When I was younger, I never dreamed about my perfect wedding. Rather, I spent my adolescence imagining the day I could become a reclusive editor in New York City, living in my fabulous apartment with my multitude of cats, free from the limiting requirements of “marriage” and “other people.” So you can imagine my surprise when I found myself engaged rather young (for people of my generation/education level/geographic area), and confronted with the reality that no, we could not just go to city hall, because my husband has lots of family that would like to see us get married and eat cake.
I’m not big on having feelings in public, or spending money, or having people look at me unless I’m doing something very funny or charming, so the whole idea of a wedding was slightly abhorrent to me from the get-go. My own issues aside, my then-fiance and I knew that we wanted to keep a strict budget (graduate school stipend and non-profit salary for the win). Luckily, he is from an area of the country that is infinitely cheaper than our current city, which made the planning process a whole lot simpler. Once we had a public park reserved and the save-the-dates in the mail/email, we got into the nitty-gritty details, and that’s when I found out just how ridiculous the whole process can be. Take, for instance, this scene from a local rental company we visited:
Abby: Hello! We are getting married, and will need some chairs for the ceremony. What are the cheapest chairs you have?
Rental Store Employee (RSE): These are our white wooden chairs.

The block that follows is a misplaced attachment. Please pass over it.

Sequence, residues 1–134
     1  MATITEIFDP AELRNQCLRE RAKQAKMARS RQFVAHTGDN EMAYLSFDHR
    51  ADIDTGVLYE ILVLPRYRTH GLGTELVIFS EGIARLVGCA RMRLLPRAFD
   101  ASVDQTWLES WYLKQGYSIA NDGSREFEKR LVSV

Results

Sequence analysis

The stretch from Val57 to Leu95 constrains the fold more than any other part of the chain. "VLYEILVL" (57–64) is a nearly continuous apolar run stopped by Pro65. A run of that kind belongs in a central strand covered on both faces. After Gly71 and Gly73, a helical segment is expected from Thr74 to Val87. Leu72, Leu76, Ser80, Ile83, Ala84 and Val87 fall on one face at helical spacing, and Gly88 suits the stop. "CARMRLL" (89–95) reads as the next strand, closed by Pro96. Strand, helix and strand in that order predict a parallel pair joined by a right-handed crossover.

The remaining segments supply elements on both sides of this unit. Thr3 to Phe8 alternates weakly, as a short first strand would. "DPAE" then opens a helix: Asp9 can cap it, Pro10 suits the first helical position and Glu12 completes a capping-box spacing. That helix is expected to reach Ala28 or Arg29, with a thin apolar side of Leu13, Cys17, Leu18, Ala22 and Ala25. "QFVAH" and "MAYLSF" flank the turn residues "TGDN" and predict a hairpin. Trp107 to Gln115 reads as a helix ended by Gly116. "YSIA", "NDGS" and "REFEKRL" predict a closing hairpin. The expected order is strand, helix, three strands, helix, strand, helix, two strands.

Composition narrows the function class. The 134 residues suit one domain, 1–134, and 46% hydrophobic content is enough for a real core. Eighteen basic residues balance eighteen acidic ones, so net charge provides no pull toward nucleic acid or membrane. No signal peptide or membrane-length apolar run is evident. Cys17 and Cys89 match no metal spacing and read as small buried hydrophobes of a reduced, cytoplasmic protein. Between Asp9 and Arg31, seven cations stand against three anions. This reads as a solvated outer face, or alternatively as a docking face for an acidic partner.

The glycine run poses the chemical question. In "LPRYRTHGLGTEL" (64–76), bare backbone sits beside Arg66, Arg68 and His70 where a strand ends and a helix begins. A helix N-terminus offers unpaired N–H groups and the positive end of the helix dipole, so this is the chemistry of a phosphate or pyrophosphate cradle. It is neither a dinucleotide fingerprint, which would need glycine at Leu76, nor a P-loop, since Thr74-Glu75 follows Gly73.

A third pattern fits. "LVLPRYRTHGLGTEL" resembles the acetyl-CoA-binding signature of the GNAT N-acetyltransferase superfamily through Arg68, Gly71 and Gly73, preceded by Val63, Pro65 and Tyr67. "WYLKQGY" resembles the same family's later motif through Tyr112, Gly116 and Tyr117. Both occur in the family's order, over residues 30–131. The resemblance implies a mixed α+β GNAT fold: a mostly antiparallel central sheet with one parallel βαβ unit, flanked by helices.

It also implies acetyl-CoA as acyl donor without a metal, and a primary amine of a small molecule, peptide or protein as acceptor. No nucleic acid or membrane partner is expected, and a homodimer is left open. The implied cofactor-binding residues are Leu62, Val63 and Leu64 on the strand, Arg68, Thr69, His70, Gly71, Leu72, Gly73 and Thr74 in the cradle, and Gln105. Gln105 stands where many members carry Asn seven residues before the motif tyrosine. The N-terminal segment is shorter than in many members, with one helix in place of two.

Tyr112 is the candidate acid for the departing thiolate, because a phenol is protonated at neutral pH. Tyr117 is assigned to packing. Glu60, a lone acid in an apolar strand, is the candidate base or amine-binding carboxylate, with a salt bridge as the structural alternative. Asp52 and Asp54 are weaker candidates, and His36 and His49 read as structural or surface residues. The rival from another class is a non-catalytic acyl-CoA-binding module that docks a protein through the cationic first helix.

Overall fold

Abby: Yes, but are these the cheapest chairs you have?
RSE: These are our white plastic chairs.
Abby’s Internal Monologue: DID I STUTTER?
Abby: Yes, but WHAT ARE YOUR CHEAPEST, UGLIEST, CHEAPEST CHAIRS?
RSE: Well, these are our cheapest chairs. They’re brown.
Abby: We’ll take them!
And even those were far, far more money than I wanted to spend on plastic chairs that people would be using for all of ten minutes. To the point that my husband and I had a legitimate argument where I told him that we only needed ten or so chairs for the older folks who would need a place to sit, and he made the (correct) point that if we were asking people to travel to this inconvenient rural location for our wedding, at the very least we could provide them with a place to sit, and could I please stop being so miserably cheap about these things?
At this point, almost a year out, there are things I wish I’d done differently. We kept to our budget, and had a really nice little wedding, if I do say so myself. But my stingy tendencies did, I think, get in the way of enjoying certain things. For instance, I was very strict about not purchasing anything for other events. And do you know what? I regret not splurging a bit on a nice new dress for my bridal shower, or that fancy clutch for my wedding. These are purchases that wouldn’t have broken me, and would have added some frivolity to an event that I otherwise imbued with a sense of obligation and financial stress. You might notice a pattern emerging in my behavior – I tend to be strict to the point of purposeless unhappiness in certain financial areas. While our wedding was lovely, I could have loosened the reigns on my spending, and it would have been fine.
Have you had to juggle the budgetary delight that is planning a wedding?